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What is a trademark and what does it protect?

What is a trademark?

A trademark is used to let people know the source of goods. Nike® is a trademark for athletic shoes.
A servicemark is used to let people know the source of services. Google® is a servicemark for various services.

On our website, we use “trademark” to indicate both trademarks and servicemarks, because that’s what most people use when talking about marks. A trademark can be one word or a few words. It can be a design, alone or with words.

Here are examples of some great trademarks other businesses own and use:

What do trademark rights protect?

Trademark rights allow you to stop other people from using your trademark to sell goods or services. Those rights also protect consumers because they can know the source of goods or services they’re buying. You can stop other people from using any trademark that’s confusingly similar to your trademark, even if the trademark isn’t exactly the same as yours.

What do trademark rights NOT protect?

You can’t stop someone from selling similar products using a different trademark. A trademark can’t protect an idea or an invention. The only way to protect an idea is to keep it a secret, but some ideas can’t be kept secret once they are being used. For example, the idea for this website isn’t a secret now that we’ve launched it. The only way to protect an invention is to get a patent. Getting a trademark to protect an idea or an invention is a waste of money because it won’t help with either of those things. Ever.

What’s a registered trademark?

A registered trademark has gone through review and publication at the United States Trademark Office (or some similar office in another country or region), found to be valid, then given a registration. Registered trademarks can use this symbol: ®

What’s a tradename? I can get one of those at the office of my state secretary of state and it’s really cheap. Isn’t that just as good?

Although “trademark” and “tradename” have 7 out of 9 letters in common, the similarities stop there. A tradename (also called an assumed name) is like a nickname for a business entity. Operating your business through an entity, like a corporation or a limited liability company, allows you to protect your personal assets from liabilities of your business. In order for that to work, you have to make sure that everyone knows you’re operating the business through an entity. That’s why business entities need stuff at the end of their names, like “Corp” or “Inc.” or “LLC”. If you want to put up a sign on the door that says something like “Joe’s Pub”, without the “Corp” or “Inc.” or “LLC”, then you need to let everyone know that “Joe’s Pub” is just a nickname for “Joseph P. Sanglovitch Libations Corp.” Registering the tradename “Joe’s Pub” with the secretary of state, does NOT create the right to prevent other people from calling their bar “Joe’s Pub.” It just doesn’t work that way.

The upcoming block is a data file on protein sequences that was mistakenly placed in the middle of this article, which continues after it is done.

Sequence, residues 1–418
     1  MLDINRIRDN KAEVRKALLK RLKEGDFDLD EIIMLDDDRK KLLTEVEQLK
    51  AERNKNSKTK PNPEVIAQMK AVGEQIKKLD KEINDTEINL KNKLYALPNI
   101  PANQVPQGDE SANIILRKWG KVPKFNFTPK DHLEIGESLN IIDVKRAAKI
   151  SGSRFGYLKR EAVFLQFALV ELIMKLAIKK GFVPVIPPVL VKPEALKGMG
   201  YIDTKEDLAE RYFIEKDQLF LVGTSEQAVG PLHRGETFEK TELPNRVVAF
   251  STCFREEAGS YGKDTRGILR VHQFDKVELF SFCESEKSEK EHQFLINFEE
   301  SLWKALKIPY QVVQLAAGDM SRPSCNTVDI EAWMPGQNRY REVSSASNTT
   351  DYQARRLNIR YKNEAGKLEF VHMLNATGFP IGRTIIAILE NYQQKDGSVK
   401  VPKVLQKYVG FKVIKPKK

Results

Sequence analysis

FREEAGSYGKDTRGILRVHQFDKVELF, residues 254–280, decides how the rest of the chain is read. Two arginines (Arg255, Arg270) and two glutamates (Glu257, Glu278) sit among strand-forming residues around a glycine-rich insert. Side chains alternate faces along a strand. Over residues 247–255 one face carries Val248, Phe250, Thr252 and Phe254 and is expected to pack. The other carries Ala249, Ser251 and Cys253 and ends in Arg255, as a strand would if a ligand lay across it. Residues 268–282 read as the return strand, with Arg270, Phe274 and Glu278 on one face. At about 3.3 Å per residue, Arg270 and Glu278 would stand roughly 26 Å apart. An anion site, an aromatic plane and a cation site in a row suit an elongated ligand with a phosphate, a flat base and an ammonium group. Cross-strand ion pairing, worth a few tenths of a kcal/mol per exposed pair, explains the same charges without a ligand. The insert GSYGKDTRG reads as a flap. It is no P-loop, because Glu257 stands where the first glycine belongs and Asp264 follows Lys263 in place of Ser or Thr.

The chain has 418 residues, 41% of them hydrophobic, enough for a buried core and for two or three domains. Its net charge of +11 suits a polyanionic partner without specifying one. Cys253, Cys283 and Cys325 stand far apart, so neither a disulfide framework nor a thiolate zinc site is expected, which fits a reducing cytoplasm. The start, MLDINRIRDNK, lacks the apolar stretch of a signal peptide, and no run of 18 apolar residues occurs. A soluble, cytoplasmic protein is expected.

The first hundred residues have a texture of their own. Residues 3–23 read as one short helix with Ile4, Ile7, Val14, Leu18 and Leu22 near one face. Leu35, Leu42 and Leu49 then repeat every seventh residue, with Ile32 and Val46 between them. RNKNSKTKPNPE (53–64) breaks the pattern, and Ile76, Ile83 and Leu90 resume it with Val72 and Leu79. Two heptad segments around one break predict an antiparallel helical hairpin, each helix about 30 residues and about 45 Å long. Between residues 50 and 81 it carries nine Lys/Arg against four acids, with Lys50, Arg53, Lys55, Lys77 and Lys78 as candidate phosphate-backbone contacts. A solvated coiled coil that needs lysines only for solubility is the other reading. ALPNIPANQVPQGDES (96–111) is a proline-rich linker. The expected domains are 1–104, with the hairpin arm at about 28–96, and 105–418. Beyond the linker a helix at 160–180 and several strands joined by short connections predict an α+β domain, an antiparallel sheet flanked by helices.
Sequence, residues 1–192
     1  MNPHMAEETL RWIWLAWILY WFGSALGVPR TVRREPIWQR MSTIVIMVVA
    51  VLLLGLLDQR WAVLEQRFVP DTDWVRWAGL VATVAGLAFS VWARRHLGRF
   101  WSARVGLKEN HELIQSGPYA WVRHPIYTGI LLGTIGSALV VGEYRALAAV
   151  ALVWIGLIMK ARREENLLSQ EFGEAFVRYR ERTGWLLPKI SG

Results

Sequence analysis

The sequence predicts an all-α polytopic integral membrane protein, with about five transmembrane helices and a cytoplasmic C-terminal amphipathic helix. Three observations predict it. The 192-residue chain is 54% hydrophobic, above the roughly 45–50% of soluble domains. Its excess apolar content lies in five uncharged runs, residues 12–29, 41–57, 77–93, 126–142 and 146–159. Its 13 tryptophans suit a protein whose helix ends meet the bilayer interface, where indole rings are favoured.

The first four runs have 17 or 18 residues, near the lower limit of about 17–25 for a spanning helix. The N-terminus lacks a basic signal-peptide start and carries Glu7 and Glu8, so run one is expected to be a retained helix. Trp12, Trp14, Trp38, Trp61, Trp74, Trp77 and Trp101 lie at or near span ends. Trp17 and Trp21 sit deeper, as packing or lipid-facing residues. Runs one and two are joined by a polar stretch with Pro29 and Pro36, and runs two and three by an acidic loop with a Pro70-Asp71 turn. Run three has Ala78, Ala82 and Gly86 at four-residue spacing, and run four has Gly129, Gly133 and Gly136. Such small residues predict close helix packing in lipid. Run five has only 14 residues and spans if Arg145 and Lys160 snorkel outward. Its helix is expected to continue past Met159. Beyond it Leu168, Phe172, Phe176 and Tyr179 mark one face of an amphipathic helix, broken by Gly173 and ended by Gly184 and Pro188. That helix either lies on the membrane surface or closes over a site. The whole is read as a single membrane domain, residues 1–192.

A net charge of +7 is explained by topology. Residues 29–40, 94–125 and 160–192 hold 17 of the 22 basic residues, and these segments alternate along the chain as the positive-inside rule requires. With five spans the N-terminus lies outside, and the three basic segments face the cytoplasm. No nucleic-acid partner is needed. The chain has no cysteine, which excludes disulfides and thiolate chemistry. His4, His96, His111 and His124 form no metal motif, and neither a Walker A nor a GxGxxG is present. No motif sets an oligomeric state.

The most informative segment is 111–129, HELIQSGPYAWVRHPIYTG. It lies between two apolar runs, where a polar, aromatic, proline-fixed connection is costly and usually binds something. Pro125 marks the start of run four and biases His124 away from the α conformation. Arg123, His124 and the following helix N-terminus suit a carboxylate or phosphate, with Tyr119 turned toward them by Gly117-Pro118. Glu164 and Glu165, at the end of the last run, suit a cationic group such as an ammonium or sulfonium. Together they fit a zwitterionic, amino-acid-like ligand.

I can get a copyright registration for $30. Maybe I should do that.

To quote the US Copyright Office: “Copyright does not protect names, titles, slogans or short phrases.” Copyright “protects original works of authorship including literary, dramatic, musical, and artistic works, such as poetry, novels, movies, songs, computer software, and architecture.” A copyright (whether registered or not) doesn’t give the owner the exclusive right to use a brand. It’s like buying homeowners insurance to insure your car. It may cost less, but it won’t actually do you any good if you get into an accident.

Can I have a trademark without a registration?

Yup. You can have a common law trademark. As soon as you start using a trademark to sell your stuff, you begin to have common law rights in that trademark. Trademarks with common law rights can use these symbols - TM (for trademarks) or SM (for servicemarks). When people say “I want to trademark that” they usually mean they want to register a trademark. That’s what we help with.

Do I even need a trademark registration?

You don’t have to register your trademark. Lots of businesses rely on common law rights and do perfectly well.

But, hey, there must be some reason that so many people get a federal trademark registration. I mean, there are, aren’t there?

Yes. There are good reasons. Here are a few:

  • Common law rights extend only as far as your commercial reach (just having a website that’s available everywhere doesn’t count). A federal trademark registration usually extends over the whole country. So if you’re operating a regional business and have hopes of expanding, getting a federal trademark registration will assure that you have rights throughout the country, even before you start selling there.
  • Having a registration (especially one that’s been around for at least 5 years) gets you “evidentiary presumptions.” That means when you go after someone for infringement, you don’t have to prove that you own the trademark and that your rights are superior to theirs. That doesn’t sound like a big deal, but it is. Ask any lawyer.

Once I file my application can I use the ®?

No. Sorry. You can use the ® only after you get a registration. During the application process, you should continue to use TM or SM. (Or, maybe start using one of those if you haven’t been using it so far.)